- So, if Business 1 makes £25,000, and Business 2 makes £40,000, your total self-employed income is £65,000, and you won’t need to register to pay VAT.
- If Business 1 makes £35,000 and Business 2 makes £55,000, the total is above the registration threshold, and you will need to register for VAT.
- If Business 1 makes a loss but Business 2 makes £87,000, you will still need to register for VAT because your total VAT taxable income has still surpassed the £85,000 threshold.
Can I own more than one limited company?
Yes, you are allowed to own more than one limited company and again, this can bring many benefits to your life, including financial success and entrepreneurial credibility.
However, it’s important to consider how you want to structure your businesses because there are pros and cons attached to each of your options.
You can either set up a separate limited company for each business, or you could operate them under one limited company, and use trading names. Let’s take a look at the advantages and disadvantages of setting up a separate limited company so that you can form a clearer idea of your best course of action.
The pros of setting up separate limited companies
- Each business’s finances and assets are ring-fenced: This means that if any of them experience any financial problems, none of your other businesses will be affected, and nor will your personal finances or assets.
- More clarity and less confusion for customers and clients: If your businesses are vastly different in what they offer, how they’re branded, or who they’re marketed to, it makes sense to keep them separate. Although chapped lips are an occupational hazard of working outside, customers might wonder why a landscaping company is selling them lip balm.
- Clear-cut boundaries when it comes to investment: If you decide to seek investment, setting up a separate limited company protects your other business interests, and makes it easier to show investors what they’re getting involved in.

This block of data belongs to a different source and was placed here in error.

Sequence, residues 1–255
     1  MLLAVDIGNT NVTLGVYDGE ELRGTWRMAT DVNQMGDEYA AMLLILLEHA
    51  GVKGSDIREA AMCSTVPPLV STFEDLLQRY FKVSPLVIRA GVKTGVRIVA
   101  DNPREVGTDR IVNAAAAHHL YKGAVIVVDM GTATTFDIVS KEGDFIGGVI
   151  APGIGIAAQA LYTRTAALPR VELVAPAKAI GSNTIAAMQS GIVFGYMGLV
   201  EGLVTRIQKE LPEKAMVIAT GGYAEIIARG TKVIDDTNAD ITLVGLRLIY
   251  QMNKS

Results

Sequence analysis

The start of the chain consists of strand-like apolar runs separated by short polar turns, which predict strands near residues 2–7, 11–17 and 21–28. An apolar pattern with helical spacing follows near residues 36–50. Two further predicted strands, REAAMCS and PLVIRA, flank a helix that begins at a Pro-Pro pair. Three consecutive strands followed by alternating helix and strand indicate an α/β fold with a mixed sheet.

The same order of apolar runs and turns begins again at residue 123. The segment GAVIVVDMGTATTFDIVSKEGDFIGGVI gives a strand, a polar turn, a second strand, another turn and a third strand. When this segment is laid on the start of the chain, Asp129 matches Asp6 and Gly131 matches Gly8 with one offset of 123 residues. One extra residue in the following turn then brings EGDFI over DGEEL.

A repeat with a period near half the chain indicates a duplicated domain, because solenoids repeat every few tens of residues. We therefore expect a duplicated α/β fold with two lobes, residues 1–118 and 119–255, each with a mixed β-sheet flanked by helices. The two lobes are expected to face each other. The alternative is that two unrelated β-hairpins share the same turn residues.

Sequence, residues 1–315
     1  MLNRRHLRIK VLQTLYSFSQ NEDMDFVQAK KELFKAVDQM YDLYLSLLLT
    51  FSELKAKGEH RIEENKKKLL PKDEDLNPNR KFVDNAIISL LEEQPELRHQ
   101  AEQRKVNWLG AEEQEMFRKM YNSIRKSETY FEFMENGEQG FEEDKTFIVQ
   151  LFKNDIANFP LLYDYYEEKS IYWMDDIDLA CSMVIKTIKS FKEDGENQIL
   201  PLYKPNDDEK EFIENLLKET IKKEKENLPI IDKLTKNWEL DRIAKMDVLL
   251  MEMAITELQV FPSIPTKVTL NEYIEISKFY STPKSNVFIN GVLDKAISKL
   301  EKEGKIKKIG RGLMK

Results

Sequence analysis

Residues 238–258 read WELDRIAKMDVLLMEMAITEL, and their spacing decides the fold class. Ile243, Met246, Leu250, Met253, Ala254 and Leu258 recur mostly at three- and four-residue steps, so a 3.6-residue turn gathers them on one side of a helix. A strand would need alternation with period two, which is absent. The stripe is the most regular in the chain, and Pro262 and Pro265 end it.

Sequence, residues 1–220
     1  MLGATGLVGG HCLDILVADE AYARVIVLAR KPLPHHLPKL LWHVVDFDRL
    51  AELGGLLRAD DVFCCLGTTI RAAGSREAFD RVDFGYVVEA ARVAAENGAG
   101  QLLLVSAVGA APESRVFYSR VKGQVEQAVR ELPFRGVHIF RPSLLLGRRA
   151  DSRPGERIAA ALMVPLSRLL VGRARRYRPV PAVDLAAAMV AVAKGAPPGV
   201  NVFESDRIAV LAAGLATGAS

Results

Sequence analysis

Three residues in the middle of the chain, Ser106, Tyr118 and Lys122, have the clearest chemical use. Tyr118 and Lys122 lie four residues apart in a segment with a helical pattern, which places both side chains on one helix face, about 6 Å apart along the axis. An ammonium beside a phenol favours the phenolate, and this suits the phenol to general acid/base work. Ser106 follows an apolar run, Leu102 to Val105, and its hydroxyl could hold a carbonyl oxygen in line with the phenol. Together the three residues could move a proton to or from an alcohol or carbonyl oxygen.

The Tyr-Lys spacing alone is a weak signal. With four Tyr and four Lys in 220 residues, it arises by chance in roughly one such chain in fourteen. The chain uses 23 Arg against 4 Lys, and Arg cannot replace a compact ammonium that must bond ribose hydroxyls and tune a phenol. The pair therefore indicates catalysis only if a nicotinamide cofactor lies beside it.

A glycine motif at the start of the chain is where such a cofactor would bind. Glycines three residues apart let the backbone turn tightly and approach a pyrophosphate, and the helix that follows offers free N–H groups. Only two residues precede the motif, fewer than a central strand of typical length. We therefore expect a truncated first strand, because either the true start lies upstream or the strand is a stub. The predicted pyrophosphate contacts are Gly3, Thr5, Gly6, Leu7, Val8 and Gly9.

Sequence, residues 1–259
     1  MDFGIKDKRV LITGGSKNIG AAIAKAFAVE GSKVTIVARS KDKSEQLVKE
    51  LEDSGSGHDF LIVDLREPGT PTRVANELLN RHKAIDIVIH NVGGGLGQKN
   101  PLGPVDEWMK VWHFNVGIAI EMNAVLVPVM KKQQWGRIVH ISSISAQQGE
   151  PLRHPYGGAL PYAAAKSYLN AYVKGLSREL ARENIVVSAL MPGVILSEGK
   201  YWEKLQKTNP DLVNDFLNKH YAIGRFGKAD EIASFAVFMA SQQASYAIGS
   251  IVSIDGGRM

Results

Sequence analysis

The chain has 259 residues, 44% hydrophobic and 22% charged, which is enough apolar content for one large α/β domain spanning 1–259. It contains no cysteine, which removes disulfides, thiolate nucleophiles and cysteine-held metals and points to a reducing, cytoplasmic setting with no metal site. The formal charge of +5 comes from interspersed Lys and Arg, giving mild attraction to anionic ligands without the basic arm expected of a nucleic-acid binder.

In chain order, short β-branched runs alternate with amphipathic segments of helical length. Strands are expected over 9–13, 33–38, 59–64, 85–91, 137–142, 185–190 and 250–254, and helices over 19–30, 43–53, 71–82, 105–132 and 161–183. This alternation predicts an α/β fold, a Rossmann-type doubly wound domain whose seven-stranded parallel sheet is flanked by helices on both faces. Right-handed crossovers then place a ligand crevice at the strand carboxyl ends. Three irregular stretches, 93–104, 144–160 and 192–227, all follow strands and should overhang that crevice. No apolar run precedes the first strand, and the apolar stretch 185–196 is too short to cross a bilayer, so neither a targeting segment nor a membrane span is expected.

Things to consider about running multiple limited companies
- Plan how to pay yourself: If each business operates as a separate company, you’ll need to think about how you plan to take money from the business to pay yourself. This might mean you pay yourself a salary from one business, and dividends from another, or some other combination. It’s important because it affects how much tax you and the businesses pay.
- More admin: When you run separate limited companies, they’ll each need their own tax returns and accounts. No matter how you structure things, you can use bookkeeping software to help your records stay clear and accurate, without the admin becoming too much of a drain on your time.
- More fees: If you do enlist professional help, such as an accountant or solicitor, fees will usually apply for each individual business.
What does this mean for tax?
Whilst sole traders aren’t separate to their business’s finances, the opposite is true for the owner of a limited company.
You’ll need to submit a Company Tax Return for each limited company, and then include any personal income on your Self Assessment tax return. Each company will receive its own bill for Corporation Tax, too.
Remember: If your companies don’t have the same financial year, the deadlines for submitting your returns and paying the bills might be different!
Some things to consider before owning multiple businesses
It will be your own investment of time, energy and money that will dictate how many businesses you can realistically run or own. Although it might be tempting and exciting to start fresh new ventures from time to time, it’s important not to spread yourself too thin.
Taking on too much responsibility will take its toll on your efficiency and effectiveness as a business owner—but also on your wellbeing and personal life. With too little time, you also run the risk of making mistakes in your finances and accounting as well, which is never good news for a business owner.
Learn more about Pandle’s time-saving bookkeeping tools and features, and create your free account.